Question about CRC32 instruction polynomial

Question about CRC32 instruction polynomial

I was wondering if someone from the CPU design team could tell me why the upcoming SSE 4.2 instruction CRC32 seems to support only fixed Castagnoli polynomial?

Supporting at least CRC-32-IEEE 802.3 polynomial (0x04C11DB7) would be advantageous (MPEG-2, PNG, V.42, etc).

When we are at it, there is an error in document order #253666-026 on page 258 where Castagnoli polynomial value has one extra "1" at the beginning making it a 36-bit number.

Igor Levicki
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My understanding of the intent for CRC32 implementing CRC32-C is to accelerate software stack in the upper layers of the data protocol traffic. I don't know whether CRC32-C or CRC-IEEE 802.3 apply to broader swaths of data traffic. But it looks like 802.3 standards are more relevant to the physical layer.
Although I'm not privy to the discussions that decided our CRC32, or whether 802.3 were a factor in those discussions. It seems intuitive to me that CPU folks might be more interested in adding CPU capability to accelerate software managing the upper layers of the protocol traffic.

As to the 33-bit polynomial constant for CRC32, it seems there are folks who refer to only the low 32-bits, since the MSB (bit 32) is always 1 andcan be implied. But it is also common for other folks to refer to the full 33 bits of the polynomial constant.

As for additional bit, I haven't seen 33-bit constants defined in code so far, everyone uses 32-bit constants. That is why I asked. I also wrote 36-bit because I think in nibbles :-)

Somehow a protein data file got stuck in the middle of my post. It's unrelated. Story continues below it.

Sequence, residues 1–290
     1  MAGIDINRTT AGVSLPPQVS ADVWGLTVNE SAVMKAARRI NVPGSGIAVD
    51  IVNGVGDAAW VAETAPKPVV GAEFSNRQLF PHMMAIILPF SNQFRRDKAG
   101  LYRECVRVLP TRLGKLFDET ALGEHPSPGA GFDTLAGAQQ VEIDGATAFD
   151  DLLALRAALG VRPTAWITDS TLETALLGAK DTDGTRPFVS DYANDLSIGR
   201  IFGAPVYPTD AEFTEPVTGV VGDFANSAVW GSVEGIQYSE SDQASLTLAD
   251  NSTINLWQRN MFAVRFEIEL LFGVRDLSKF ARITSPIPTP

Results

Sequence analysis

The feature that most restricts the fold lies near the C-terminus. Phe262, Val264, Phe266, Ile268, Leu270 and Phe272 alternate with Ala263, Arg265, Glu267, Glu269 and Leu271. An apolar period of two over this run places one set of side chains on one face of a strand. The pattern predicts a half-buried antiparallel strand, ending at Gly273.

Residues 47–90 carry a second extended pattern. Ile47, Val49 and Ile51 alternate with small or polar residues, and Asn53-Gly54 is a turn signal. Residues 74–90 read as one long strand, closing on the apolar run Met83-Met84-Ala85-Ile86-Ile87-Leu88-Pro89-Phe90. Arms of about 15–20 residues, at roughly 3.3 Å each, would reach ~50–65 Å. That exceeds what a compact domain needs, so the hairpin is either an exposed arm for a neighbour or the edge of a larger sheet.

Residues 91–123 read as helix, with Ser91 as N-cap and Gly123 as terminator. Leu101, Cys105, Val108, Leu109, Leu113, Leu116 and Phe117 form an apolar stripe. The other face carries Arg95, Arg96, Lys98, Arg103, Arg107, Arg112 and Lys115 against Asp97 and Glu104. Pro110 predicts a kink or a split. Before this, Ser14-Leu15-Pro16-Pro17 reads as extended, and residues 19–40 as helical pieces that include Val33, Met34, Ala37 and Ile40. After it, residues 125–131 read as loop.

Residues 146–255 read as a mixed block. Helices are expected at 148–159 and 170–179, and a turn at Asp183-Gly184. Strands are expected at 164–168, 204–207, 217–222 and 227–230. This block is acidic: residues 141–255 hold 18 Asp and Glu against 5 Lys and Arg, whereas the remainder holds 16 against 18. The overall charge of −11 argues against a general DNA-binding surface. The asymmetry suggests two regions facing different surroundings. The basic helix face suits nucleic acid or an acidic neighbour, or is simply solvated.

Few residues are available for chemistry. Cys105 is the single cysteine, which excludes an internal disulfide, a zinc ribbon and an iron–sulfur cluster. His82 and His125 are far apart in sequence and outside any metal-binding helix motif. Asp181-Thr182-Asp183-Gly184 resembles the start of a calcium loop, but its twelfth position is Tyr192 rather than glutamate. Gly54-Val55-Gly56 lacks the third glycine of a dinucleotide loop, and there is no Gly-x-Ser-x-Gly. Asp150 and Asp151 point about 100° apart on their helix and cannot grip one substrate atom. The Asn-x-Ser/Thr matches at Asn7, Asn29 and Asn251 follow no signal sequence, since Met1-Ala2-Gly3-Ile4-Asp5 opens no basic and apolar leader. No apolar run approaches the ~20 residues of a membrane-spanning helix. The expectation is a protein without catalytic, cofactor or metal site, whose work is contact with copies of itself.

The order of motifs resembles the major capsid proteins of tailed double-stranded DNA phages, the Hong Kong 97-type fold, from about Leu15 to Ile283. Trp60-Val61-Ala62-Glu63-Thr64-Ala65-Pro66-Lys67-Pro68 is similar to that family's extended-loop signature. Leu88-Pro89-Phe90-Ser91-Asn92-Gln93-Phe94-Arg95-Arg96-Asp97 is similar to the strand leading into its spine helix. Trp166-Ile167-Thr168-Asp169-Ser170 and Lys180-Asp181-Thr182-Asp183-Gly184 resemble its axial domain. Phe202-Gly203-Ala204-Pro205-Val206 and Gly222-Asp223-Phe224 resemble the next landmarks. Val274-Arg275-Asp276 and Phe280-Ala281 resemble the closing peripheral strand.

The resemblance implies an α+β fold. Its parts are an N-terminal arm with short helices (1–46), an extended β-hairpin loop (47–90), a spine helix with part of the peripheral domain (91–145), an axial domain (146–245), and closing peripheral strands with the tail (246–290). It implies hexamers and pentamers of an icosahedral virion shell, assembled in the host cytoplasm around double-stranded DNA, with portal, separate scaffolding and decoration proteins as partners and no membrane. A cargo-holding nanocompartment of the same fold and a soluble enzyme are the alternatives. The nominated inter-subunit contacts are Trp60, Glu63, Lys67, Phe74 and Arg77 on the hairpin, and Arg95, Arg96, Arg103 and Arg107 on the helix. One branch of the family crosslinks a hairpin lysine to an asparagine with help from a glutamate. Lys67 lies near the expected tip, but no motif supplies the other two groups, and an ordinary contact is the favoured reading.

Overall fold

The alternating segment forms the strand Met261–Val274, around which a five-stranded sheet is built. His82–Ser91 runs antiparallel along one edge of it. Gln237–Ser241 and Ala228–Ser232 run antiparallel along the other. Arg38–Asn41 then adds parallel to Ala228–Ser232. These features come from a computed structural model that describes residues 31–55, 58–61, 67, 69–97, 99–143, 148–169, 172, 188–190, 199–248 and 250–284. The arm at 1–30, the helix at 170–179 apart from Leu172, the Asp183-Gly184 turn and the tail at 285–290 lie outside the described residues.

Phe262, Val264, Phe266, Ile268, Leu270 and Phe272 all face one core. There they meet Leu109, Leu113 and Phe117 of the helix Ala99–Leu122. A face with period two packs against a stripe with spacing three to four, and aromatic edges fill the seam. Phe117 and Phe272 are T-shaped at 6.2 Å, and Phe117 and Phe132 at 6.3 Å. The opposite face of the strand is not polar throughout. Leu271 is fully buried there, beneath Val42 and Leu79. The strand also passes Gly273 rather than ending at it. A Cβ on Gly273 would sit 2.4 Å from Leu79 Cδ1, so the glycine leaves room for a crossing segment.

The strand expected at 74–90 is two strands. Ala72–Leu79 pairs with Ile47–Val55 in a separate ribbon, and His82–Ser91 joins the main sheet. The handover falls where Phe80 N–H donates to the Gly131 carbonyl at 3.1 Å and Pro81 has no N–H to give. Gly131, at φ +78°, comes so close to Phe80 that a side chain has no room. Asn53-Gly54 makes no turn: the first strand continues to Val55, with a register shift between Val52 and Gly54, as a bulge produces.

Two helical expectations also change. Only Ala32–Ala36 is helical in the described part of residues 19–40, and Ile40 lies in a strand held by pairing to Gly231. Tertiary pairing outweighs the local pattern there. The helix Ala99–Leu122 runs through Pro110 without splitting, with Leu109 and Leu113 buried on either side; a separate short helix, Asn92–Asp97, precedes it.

As for not supporting other common polynomials, my guess is that CRC32 tables for different polynomials would use too much real estate inside of a CPU core, but I was hoping to hear official answer (if there is one) as to why that instruction wasn't made to be more flexible?

It also wouldn't hurt if we got MD5 instruction as well.

Igor Levicki
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I worked in the lab team that proposed the CRC32 instruction for Nehalem.CRC32usesa fixed polynomial to make the instruction a stateless two operand instruction,minimizeinstruction latency andminimize gate count.Castagnoli showed that thispolynomial has nice mathematical properties that make it optimal vs. otherchoices for data sets less than 64KB and verynearly optimalinother cases. This poly is used for some networking protocols such as RDMA and SCTP that are difficult to offload in hardware.The33-bitpolynomial with the leading 1 is the mathematically correct form, though it's common to omit the implied upper '1' bit.Hope this answers your question.

Thanks for the detailed answer!

Igor Levicki

CRC32c has been adopted by newer protocols that are attempting to be Jumbo frame compliant. The CRC-IEEE 802.3 polynomal has a smaller hamming distance where error detection rates drop off beyond the 12,176 bits (1522 bytes) indicated by the maximum frame size set in 802.3 standards. The CRC used in the Ethernet physical layer induces little need for software to replicate, since it is generally considered inadaquate for Jumbo frames. Protocols like SCTP, iSCSI, and RDMA use the CRC32c polynomial instead, because of its improved hamming distance. Intel offers 1Gb NIC (82576) and 10Gb NIC (X520) that off-load SCTP checksum calculations, and i7-core processors have the CRC32c function contained within the SSE4 math coprocessor.

There is a serious problem with TCP or UDP protocols related to their simple checksums. Errors caused by defective bus drivers of NICs or Memory modules produce repeditive errors for the same bit. Simple checksums allow these errors to be self cancelling, and causes a failure to detect rate approaching 2%!

Since much of the hardware being used on the Internet is controlled and maintained by a third-party, one defective device might produce a significant reduction in data integrity beyond the control of the user. Protocols like SCTP can better handle Jumbo frames, and detect errors generated at various bus interfaces. For most software applications, CRC-IEEE should not be used. CRC32c should be used instead.

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